Why delay in phasing out nuclear power is dividing German village

(The Guardian, 9 Dec 2022) Neckarwestheim’s nuclear power station was granted a stay of execution due to Russia’s weaponisation of gas, but some would like the extension to be permanent

On a slope above the river Neckar in south-west Germany, about 25 miles (40km) from Stuttgart, stands the village of Neckarwestheim, its red terracotta roofs surrounded by vineyards and farmers’ fields, with streets leading to a central market square.

So far, so typical for a rural community in the German state of Baden-Württemberg. However, this settlement of 4,200 residents has one defining characteristic: it is located right next to one of Germany’s three remaining nuclear power stations.

The challenges facing this picturesque village illustrate how the energy crisis is affecting Europe’s largest economy, as Russia’s weaponisation of the gas supply has complicated Germany’s planned transition away from nuclear.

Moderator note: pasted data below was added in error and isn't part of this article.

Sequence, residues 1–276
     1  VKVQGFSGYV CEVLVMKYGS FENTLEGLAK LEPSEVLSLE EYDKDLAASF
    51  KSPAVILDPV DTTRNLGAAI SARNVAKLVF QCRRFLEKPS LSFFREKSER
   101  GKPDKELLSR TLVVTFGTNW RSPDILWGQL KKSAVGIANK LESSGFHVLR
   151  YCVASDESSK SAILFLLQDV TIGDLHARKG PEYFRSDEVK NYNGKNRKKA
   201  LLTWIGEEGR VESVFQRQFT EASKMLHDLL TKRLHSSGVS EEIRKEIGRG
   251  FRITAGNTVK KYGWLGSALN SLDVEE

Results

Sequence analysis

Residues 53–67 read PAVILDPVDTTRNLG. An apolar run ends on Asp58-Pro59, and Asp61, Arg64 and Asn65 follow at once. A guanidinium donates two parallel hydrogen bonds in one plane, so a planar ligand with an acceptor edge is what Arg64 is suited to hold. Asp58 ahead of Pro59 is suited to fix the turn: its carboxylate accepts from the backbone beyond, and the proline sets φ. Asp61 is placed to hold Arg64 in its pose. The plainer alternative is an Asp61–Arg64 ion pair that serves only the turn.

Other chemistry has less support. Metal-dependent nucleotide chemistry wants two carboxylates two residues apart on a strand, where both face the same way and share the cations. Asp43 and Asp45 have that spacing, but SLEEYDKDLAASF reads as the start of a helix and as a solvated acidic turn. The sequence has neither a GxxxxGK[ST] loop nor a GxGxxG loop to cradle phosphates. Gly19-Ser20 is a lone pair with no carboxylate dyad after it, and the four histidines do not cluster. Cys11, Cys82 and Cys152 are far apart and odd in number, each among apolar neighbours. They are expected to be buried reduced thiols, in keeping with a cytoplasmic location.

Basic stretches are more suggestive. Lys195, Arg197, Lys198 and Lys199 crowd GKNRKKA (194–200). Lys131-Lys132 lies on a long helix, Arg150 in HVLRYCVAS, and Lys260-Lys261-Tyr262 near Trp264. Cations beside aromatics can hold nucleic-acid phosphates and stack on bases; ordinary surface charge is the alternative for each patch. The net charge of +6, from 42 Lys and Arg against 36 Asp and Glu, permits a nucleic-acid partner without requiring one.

On a crisp, clear autumn day, clouds of steam rise from the Neckarwestheim nuclear plant’s pressurised water reactor, pale against the hill at whose feet it stands. For those prepared to live with a reactor as a neighbour, its arrival in the mid-70s heralded a golden age. The site’s first reactor stopped producing power in 2011, while the second has been operational since 1989.

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The Guardian, 9 Dec 2022: Why delay in phasing out nuclear power is dividing German village